Was a bit pissed off with the Tate as they had shut the cafe - and best view of St Ives - for renovations whilst we were there! The Heimo Zobernig exhibition at the Tate wasn't exactly thrilling, (keycolour curtains and semi-painted plinths - "Challenging perceptions" yada yada.) I'm sure the cafe will be open again soon and there are some interesting exhibitions coming up there this year including Ben Nicholson, Bernard Leach and "Contemporary Fine and Applied Arts: 1928–2009"

Click Here to Read More..

Tuesday, 13 January 2009

MAKER OF THE WEEK - Jonathan Garratt

Jonathan Garratt F.R.S.A
Woodfired Tableware and Garden Pots/Sculpture

One favourite living artist?
Conor Wilson. Ceramic Artist, Bristol. Groundbreaking and brave work. Huge intelligence and fine detail.

One favourite living craft maker?
Kei Ito. textile craft maker. Courageous and hugely imaginative maker, referencing architecture and fashion from a wide world of influences. Seriously beautiful work.

One favourite historical maker?
Michael Cardew, potter 1970's. Huge energy, intelligence, humour and integrity. Seminal influence on field of ceramics.

When and where did you first want to do what you do?
At Eton College, studying with Gordon Baldwin. Started with Cartier Bresson style photography, then sculpture, then ceramics.

What place in the world has inspired you?
Africa. Produces a hugh supply of exciting, gutsy and tender art/craftworks unencumbered by the pretentious problems that beset the Western creatives. African music particularly.

What was the last art/craft/design thing you purchased?
Pot, porcelain by Sun Kim Korean potter, London. Stunning clarity, feel and composition.

At age 15 who influenced your style? Was there any individual who very much helped you on your way?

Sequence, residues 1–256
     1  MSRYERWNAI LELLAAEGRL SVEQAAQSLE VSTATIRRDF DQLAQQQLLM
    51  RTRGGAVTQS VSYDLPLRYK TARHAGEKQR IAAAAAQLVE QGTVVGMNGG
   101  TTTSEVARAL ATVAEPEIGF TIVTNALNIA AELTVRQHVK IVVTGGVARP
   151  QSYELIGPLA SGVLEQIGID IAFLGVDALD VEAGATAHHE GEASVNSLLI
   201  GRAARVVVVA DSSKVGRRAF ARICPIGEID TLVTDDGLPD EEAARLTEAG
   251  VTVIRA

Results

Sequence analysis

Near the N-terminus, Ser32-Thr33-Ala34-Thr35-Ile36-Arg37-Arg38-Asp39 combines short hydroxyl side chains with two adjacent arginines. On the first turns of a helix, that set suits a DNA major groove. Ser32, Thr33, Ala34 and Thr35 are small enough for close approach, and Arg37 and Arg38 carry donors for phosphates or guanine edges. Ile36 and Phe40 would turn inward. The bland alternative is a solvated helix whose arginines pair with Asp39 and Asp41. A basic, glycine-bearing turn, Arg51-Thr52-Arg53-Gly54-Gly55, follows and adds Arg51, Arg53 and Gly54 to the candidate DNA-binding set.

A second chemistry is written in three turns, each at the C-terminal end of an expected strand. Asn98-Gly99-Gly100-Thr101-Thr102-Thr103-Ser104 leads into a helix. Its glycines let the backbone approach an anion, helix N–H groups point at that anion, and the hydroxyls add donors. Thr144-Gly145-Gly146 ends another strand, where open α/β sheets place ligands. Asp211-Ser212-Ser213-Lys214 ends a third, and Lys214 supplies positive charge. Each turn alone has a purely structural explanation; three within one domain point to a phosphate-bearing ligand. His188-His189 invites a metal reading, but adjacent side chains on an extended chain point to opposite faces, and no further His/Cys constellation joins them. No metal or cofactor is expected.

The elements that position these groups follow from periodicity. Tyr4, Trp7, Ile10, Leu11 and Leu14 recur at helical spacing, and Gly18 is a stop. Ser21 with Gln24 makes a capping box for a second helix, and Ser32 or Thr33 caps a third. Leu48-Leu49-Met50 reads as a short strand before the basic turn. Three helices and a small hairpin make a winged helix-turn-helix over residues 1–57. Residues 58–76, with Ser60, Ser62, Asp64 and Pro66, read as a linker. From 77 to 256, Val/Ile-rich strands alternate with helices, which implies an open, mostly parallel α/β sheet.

Hans Coper. Gordon Baldwin, teacher.

Last best read?
Arcardian Friends by Tim Richardson. Garden history in the 18th Century.

Who would you say buys your work?
People who respond to good architecture, good sculpture, good form. Gardeners. People who like good food. People who think for themselves.

Where and what is your studio? Do you work alone? In silence, radio?
I listen to African music CDs and France-Inter (French radio)Surprising activity?
Garden Designer. Huge interest in that field and I have lots of links in that sphere.

What one word would describe your feeling of doing your work?

Do you think art and craft has any real importance?
What a question! Of course, if you value having a culture at all in the UK. We need to engage with intellectual, imaginative and stimulating beauty. Makers, good ones, have interesting things to say and this is our language.

Are their other fields that you'd like to apply some facet of your work into?
Making large scale containers for plants. Mobile planters in a variety of materials.

What do think are crimes against good taste & decency in art/craft/design?
Telling lies about your work. Pretentious posturing involving the use of literary scaffolding to shore up inept or weak work. Making craftwork with no content - "Hotel Art". Some makers actually copy what is being imported. What we need is genuine and heartfelt originality.

Most underated artist/maker?
Catherine Vanier. Potter (Burgundy, France). Outstanding maker. Hugely demanding of herself. Wildly imaginative decorator of ceramics.

Most overated artist/maker? Why?
Grayson Perry. Rotten, tedious artist. Outstanding talker and teacher! Take your pick!

If you could exhibit in any gallery which would it be?
Goldmark Gallery, Rutland.

Click Here to Read More..